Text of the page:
TORONTO (AP) — Canada’s finance minister said Friday that the country’s economic recovery will likely be modest and job losses will mount into 2010 even after growth has begun.
Jim Flaherty gave his most recent, sobering assessment of economic prospects in a conference call from Chile, after a meeting with finance ministers from the Americas.
Responding to surprisingly high job losses reported in the United States earlier this week, Flaherty said all of his colleagues are concerned with the toll the recession is taking on workers. He warned that while the economy may be stabilizing, labor markets are not.
“We’ll start to see stabilization, which we are seeing now, and then a return to economic growth but continuing deterioration in employment,” he said.
On Thursday, the U.S. Labor Department reported that payrolls fell by 467,000 in June — about 100,000 more than expected — raising concerns that the recession could persist longer than anticipated.
In Canada, economists expect about 30,000 job losses for June. Since October, Canada has lost 363,000 jobs.
In the past, the finance minister has cautioned that difficult times remain for Canadians, but he has also expressed confidence that Canada would lead most industrialized countries in the swiftness and strength of the recovery.
In Friday’s assessment, he appeared more circumspect, saying there was agreement among finance ministers that the rebound would be tepid.
“The anticipation is that the recovery will be modest, so that we’ll experience some continuing increase in unemployment, but as we move into 2010, we’ll start to see modest recovery,” he said.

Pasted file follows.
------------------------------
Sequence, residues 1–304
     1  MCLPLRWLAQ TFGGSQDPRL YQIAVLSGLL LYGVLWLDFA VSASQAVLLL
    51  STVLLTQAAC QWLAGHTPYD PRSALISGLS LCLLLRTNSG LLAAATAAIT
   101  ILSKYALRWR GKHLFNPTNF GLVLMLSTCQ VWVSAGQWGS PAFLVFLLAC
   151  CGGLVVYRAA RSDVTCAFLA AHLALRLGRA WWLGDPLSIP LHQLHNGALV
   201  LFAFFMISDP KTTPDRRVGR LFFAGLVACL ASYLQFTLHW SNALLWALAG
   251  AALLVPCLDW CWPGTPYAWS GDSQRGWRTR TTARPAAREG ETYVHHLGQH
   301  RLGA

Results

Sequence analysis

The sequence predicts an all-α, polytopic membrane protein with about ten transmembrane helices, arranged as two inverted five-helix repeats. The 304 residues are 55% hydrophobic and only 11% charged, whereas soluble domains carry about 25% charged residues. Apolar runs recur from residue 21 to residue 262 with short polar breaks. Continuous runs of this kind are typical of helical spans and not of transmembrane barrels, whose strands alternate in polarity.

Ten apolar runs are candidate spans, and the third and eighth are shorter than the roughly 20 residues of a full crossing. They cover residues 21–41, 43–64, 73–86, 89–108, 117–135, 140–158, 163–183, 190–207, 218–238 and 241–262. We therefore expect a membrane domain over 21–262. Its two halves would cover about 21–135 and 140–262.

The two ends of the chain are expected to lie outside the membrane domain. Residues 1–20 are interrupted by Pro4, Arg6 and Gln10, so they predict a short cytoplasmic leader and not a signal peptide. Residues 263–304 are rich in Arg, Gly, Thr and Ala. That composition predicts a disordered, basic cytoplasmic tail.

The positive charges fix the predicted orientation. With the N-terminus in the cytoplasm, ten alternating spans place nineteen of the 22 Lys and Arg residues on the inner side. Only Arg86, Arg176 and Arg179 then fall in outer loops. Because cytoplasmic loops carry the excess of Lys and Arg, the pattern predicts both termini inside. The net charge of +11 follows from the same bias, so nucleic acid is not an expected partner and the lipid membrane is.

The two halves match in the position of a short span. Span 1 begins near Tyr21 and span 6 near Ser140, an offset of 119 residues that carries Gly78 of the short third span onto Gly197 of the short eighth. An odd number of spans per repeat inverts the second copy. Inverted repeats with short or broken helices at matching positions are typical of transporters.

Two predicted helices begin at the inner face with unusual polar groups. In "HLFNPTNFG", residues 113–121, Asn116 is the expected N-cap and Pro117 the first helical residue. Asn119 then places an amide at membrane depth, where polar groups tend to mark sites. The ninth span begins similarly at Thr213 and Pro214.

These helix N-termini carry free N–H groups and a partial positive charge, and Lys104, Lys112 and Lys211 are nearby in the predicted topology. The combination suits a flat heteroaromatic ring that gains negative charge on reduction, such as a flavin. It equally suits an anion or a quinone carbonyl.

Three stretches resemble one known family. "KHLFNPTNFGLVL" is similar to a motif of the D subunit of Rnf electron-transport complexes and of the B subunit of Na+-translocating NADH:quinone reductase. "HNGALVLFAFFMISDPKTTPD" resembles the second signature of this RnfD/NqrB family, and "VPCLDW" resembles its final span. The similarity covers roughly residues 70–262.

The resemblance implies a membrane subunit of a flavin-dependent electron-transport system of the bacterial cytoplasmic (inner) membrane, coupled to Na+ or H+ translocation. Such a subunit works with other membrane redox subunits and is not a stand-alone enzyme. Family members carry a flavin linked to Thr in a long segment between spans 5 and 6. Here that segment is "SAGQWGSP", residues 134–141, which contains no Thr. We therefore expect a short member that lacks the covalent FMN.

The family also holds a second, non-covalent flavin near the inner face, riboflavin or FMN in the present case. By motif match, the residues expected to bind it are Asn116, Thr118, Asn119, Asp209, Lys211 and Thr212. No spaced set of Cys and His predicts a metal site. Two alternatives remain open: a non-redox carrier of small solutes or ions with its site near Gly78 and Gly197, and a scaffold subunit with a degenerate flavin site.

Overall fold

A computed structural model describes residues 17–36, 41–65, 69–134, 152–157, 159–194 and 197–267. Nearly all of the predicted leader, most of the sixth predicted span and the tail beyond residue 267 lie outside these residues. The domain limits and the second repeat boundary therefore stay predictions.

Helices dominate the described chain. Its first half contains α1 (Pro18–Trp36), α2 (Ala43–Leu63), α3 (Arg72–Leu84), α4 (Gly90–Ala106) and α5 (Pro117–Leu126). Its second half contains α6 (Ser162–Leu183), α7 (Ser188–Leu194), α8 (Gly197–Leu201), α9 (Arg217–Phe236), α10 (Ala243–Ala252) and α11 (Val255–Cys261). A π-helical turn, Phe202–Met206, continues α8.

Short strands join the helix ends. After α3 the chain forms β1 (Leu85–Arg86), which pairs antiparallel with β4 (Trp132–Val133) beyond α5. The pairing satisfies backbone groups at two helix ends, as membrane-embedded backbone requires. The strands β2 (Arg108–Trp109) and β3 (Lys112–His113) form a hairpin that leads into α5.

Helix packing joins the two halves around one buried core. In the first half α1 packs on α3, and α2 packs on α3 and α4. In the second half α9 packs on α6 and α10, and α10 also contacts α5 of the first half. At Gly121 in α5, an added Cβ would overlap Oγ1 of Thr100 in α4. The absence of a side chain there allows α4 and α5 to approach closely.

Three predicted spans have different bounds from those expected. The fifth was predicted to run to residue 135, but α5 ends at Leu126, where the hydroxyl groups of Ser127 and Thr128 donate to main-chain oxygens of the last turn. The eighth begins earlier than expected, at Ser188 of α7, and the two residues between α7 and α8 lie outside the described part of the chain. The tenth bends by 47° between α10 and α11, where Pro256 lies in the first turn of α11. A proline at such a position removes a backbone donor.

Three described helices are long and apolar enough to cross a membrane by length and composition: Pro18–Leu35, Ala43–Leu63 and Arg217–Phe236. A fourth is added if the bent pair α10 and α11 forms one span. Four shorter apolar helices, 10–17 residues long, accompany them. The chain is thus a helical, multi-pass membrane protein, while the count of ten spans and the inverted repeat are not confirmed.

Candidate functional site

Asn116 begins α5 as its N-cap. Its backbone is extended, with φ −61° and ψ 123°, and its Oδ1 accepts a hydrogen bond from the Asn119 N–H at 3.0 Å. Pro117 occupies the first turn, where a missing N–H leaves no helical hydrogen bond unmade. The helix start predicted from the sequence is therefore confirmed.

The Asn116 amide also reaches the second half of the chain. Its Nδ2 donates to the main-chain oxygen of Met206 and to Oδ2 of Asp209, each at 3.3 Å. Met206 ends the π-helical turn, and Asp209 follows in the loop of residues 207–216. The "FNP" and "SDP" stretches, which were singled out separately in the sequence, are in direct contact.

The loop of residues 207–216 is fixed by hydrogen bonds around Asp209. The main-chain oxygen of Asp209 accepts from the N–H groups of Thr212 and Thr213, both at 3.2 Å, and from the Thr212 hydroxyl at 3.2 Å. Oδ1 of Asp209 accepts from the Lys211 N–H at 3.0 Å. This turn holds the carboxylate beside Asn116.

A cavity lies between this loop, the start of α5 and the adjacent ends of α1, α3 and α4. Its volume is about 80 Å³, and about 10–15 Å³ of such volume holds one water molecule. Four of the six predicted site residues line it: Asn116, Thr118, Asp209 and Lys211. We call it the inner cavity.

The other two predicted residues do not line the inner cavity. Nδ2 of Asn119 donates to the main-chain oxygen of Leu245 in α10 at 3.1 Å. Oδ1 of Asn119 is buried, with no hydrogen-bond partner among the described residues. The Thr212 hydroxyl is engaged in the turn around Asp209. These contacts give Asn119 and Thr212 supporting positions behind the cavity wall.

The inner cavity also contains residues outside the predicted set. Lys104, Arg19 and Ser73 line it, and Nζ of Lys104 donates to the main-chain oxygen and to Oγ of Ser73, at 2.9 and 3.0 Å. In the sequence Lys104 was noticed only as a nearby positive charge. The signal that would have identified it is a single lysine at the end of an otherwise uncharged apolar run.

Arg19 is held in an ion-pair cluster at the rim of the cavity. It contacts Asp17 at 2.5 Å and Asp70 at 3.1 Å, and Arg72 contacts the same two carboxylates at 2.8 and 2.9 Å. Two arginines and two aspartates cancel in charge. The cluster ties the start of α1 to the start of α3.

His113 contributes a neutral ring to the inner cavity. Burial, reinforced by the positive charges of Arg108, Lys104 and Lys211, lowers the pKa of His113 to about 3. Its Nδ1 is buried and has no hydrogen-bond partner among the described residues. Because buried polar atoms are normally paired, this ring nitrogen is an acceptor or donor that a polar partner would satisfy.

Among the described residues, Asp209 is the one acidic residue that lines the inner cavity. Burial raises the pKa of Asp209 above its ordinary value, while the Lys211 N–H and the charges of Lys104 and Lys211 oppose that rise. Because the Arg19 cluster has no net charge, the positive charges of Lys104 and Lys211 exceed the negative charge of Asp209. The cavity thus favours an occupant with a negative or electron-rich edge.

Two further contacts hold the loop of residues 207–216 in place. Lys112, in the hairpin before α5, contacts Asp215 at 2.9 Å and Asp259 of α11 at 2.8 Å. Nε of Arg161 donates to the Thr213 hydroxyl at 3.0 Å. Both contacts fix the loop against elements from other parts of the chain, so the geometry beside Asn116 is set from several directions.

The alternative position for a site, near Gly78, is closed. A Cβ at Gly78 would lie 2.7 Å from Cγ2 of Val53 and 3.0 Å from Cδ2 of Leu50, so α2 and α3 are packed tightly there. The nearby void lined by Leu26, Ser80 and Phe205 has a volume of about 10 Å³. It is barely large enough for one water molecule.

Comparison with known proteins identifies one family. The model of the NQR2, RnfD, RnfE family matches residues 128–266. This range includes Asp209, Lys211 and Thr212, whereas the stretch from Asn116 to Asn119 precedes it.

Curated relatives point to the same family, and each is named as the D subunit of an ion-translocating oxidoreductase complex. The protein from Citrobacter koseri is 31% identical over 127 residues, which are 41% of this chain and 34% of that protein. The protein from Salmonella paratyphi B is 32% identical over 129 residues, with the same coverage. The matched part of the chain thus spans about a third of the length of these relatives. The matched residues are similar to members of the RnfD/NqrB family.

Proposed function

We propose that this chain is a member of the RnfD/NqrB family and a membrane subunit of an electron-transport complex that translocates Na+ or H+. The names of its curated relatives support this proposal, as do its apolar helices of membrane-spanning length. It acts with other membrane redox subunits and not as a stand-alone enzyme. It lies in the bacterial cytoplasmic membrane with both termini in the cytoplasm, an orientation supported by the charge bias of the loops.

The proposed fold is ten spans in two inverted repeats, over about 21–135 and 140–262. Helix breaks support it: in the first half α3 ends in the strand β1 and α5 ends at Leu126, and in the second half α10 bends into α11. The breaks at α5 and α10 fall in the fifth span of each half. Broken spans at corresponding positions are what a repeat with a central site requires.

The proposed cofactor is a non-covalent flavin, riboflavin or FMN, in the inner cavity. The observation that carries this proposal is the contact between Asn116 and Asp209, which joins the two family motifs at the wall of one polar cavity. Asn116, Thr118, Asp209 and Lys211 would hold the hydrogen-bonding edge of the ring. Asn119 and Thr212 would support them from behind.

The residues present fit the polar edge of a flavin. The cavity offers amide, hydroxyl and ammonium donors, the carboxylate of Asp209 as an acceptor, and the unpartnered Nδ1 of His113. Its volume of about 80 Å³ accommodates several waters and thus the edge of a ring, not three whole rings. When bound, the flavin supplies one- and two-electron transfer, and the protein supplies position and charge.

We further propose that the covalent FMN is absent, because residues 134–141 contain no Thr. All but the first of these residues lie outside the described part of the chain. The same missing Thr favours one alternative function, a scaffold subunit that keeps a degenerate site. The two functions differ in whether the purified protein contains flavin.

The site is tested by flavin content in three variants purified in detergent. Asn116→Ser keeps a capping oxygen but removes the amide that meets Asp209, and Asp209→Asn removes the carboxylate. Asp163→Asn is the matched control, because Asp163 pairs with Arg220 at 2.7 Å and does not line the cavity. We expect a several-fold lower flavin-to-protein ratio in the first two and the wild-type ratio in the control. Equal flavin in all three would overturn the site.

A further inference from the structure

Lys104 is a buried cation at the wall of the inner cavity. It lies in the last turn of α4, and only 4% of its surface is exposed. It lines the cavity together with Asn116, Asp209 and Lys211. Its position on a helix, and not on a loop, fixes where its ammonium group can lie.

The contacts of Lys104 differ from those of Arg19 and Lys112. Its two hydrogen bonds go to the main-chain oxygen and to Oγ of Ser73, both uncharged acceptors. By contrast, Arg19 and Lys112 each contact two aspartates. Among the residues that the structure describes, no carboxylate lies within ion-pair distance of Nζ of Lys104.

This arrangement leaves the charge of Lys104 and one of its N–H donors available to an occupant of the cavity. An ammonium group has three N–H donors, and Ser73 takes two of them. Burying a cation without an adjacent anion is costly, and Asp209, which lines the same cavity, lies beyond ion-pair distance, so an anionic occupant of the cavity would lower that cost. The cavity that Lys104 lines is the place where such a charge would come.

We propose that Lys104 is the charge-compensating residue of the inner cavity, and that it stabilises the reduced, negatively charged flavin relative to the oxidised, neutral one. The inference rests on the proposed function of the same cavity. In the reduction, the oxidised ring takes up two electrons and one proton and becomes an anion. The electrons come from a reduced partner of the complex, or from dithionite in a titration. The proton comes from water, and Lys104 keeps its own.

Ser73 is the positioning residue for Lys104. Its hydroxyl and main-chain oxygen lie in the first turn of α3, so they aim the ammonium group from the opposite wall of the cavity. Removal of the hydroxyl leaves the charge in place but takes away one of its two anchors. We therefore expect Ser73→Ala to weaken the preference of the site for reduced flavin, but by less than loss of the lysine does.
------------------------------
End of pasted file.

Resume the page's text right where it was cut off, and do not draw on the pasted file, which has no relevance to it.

Canada’s unemployment rate rose to 8.4 percent in May, the highest level in 11 years.
Most of the job losses have occurred in manufacturing in central Canada. More than 70 percent of Canada’s exports go to the United States.
The country has avoided bank bailouts and has not experienced the failure of any major financial institution. There has been no crippling mortgage meltdown or banking crisis north of the border where the financial sector is dominated by five large banks.
But the global sell-off of commodities hurt Canada last fall. The recent run-up of commodity prices is helping western Canada, a resource-rich economy dependent on oil and other commodity prices.
The Canadian government has committed 22.7 billion Canadian dollars ($19.5 billion) in stimulus funds earmarked for this year.
Prime Minister Stephen Harper has said Canada’s deficit of CA$50.2 billion ($43.2 billion) is significant, but more manageable than other countries.
Canada’s central bank has warned that the 20 percent surge in the value of the Canadian dollar since March threatens the country’s economic recovery.

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